Half a century into their career and legendary space rockers HAWKWIND's ground-breaking, experimental madness has provided immeasurable influence on heavy progressive music. Since day one, they've contributed to the world of music by taking a left-field approach, allowing themselves to creatively wander along their path, all the while remaining on a consistent and logical trajectory while never betraying their core sound and essence. Numerous notable musicians have had stints with the English band, including CREAM drummer Ginger Baker and Lemmy, the latter of whom was ousted following a Canadian/American border drug-related arrest. But HAWKWIND's true heart and soul has always been its only remaining original member, frontman Dave Brock. Although at 80 he's deep into his Golden Years, he shows no signs of slowing down. Instead, Brock and company are forging onward with their 34th (!!!) album: "Somnia", a release that is bound to satisfy longtime devotees.
This go around, Brock leads the march with a thematic focal point that's even more bizarre than the act's tried-and-true focus upon space. "Somnia" is a voyage into the realm of sleep, and the 13 tracks therein are just as numbing and sedative as they are invigorating and titillating.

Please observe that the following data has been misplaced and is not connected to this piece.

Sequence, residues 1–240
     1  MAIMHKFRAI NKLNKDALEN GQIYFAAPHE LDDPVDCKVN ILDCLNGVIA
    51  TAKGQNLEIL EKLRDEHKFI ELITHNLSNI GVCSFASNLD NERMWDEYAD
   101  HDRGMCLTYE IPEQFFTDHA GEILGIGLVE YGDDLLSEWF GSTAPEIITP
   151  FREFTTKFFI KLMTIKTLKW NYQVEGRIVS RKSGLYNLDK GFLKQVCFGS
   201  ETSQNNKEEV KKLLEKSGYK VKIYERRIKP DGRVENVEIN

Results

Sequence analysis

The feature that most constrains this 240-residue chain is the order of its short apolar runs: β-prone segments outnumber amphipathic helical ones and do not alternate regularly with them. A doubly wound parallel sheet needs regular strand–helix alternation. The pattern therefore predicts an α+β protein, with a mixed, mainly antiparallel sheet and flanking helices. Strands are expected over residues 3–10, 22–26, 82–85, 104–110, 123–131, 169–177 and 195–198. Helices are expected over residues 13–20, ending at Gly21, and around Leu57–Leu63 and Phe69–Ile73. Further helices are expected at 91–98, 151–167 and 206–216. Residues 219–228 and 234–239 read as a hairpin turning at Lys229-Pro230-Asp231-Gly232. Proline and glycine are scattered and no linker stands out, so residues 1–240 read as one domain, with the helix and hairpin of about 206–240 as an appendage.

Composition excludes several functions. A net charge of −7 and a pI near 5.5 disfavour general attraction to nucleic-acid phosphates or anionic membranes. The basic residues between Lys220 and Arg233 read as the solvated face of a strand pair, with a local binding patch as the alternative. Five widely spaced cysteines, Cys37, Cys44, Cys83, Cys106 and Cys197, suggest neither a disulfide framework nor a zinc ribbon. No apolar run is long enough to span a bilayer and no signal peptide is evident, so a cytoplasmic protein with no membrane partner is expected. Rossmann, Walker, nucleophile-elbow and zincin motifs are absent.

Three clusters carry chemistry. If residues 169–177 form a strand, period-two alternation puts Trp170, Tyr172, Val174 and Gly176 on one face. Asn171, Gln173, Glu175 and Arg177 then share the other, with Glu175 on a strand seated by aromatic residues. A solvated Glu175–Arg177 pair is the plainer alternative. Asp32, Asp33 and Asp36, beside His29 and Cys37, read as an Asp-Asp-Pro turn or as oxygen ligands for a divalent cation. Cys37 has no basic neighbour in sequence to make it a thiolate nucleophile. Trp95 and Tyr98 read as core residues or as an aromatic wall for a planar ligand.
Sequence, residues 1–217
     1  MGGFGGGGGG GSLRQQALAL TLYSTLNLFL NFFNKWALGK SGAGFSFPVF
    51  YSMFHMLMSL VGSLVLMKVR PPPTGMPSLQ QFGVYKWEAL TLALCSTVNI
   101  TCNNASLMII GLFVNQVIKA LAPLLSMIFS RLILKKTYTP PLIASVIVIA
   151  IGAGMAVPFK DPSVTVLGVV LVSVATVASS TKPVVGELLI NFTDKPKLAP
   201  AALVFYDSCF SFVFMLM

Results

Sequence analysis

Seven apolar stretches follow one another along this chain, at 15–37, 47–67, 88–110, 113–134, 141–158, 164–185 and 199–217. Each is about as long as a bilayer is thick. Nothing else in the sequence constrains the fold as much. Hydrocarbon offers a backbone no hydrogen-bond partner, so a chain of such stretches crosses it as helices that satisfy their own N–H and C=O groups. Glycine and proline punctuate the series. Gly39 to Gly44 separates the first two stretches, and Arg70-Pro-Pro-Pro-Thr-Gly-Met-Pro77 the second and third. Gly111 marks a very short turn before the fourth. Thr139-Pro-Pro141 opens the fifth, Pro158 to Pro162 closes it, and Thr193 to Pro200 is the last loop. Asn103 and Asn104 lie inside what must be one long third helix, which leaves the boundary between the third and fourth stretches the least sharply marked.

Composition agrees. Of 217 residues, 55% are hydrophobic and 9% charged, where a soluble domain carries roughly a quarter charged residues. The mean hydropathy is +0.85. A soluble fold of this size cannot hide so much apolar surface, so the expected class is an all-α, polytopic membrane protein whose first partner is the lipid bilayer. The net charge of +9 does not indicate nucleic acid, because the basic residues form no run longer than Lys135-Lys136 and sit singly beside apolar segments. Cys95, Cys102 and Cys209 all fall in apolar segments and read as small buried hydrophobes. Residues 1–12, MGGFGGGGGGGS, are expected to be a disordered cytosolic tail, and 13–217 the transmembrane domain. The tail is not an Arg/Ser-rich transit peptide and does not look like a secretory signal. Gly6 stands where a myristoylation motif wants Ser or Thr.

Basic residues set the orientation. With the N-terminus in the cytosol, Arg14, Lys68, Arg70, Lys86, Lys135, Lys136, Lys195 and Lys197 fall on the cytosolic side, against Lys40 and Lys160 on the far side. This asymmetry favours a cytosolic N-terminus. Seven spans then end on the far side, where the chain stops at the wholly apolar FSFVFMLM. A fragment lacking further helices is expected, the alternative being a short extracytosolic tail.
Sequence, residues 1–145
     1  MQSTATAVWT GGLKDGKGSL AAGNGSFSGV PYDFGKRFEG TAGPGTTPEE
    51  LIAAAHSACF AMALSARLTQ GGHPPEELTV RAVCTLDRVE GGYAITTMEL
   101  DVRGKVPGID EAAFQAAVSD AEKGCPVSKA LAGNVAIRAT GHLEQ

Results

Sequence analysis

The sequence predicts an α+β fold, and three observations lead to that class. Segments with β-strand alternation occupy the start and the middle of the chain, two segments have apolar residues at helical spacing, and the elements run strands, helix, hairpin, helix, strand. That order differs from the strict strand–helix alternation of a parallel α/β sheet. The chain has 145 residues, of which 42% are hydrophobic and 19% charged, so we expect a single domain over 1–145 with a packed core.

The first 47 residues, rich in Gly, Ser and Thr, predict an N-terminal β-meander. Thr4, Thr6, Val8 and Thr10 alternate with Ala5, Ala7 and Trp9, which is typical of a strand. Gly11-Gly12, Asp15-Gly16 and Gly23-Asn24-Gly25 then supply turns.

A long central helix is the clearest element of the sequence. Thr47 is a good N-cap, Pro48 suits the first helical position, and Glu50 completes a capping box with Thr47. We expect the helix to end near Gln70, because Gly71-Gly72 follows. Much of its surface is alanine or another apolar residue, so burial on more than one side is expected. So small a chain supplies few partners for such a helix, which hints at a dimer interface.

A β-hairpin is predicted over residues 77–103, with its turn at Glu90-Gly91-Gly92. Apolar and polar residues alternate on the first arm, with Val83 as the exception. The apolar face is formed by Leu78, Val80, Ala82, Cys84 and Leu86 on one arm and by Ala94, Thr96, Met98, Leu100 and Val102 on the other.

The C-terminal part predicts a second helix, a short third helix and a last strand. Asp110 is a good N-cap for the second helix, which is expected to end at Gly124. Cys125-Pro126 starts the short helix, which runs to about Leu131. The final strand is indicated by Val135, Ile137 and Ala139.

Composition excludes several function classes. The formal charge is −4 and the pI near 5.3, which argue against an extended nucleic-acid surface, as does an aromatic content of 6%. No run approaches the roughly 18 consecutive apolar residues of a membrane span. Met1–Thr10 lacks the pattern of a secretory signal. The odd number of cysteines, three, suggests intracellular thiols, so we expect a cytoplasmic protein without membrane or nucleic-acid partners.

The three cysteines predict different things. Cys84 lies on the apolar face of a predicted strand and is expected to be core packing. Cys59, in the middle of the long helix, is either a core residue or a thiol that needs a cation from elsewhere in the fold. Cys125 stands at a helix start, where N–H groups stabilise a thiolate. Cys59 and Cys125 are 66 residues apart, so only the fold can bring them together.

Opening number "Unsomnia" begins with comforting, beautiful space rock sounds that morph toward ones that are appealing and stimulating while being paradoxically unsettling at the same time. As the song progresses, the instrumentation winds through significantly more disturbing passages. Much later in the release, "Barkus"'s guitar melodies are the album's only windows into a more purely uplifting and bright emotional landscape. It's not that the energy of "Somnia" is overbearingly oppressive, but it certainly is the case that "Somnia"'s dreaming voyage is more inclined toward a nightmarish experience.
Sticking with the HAWKWIND standard, the songs entail periodic hard rocking sections that are injected into the layered, synth-heavy ambience. True to "Somnia"'s conceptual basis, the approach mirrors the nature of how we dream — the way that we feel surreal, otherworldly experiences that are sometimes abruptly or fluidly interrupted by ideas and feelings more germane to real life. "Somnia" is one of the most intriguing and captivating albums that HAWKWIND has released in years. The hard-hitting portions aren't as frequent or robust as they once were, but it's appropriate to the album's concept and makes sense considering Brock's age.
The relative beauty and clear production lend toward "Somnia" being one of the most accessible releases of HAWKWIND's career. Yet "Somnia" is just as unconventional as HAWKWIND has always been compared to most of the new music that's out there, and the band continues to be just as enthralling as they ever were. No small feat for a band that's been around for over 50 years.